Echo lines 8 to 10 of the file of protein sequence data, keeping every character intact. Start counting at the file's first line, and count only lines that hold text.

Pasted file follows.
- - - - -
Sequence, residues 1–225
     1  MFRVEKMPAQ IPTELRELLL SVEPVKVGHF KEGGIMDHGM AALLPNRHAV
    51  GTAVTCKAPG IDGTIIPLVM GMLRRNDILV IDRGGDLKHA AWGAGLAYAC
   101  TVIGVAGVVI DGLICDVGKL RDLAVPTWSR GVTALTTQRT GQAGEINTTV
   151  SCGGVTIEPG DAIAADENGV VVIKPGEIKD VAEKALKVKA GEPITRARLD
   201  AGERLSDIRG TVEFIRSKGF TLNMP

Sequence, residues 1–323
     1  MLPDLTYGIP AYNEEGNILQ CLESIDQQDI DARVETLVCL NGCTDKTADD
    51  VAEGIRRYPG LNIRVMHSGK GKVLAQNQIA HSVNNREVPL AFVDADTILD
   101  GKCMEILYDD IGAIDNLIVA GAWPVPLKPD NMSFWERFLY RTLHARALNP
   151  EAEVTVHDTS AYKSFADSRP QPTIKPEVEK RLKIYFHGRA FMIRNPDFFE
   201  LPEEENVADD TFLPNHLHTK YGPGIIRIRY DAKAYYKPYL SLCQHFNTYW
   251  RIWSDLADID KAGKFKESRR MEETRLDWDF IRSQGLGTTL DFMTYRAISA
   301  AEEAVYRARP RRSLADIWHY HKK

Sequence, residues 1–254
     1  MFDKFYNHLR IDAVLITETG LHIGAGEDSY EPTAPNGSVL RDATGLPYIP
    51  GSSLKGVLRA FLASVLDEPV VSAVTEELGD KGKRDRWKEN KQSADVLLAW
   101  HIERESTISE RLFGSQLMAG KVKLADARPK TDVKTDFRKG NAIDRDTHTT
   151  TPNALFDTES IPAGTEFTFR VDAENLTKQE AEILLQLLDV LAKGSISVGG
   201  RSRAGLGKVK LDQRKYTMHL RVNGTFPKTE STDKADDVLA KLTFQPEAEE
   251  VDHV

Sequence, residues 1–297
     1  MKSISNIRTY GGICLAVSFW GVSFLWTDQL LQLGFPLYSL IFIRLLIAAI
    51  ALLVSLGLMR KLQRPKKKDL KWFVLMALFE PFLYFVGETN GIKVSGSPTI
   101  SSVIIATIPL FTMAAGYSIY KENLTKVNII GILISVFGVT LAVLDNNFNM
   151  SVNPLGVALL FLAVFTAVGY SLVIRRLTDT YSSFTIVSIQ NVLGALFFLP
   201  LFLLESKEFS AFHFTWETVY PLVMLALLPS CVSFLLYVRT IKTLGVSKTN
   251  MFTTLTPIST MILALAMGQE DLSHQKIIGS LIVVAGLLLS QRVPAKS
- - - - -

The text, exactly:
     1  MLPDLTYGIP AYNEEGNILQ CLESIDQQDI DARVETLVCL NGCTDKTADD
    51  VAEGIRRYPG LNIRVMHSGK GKVLAQNQIA HSVNNREVPL AFVDADTILD
   101  GKCMEILYDD IGAIDNLIVA GAWPVPLKPD NMSFWERFLY RTLHARALNP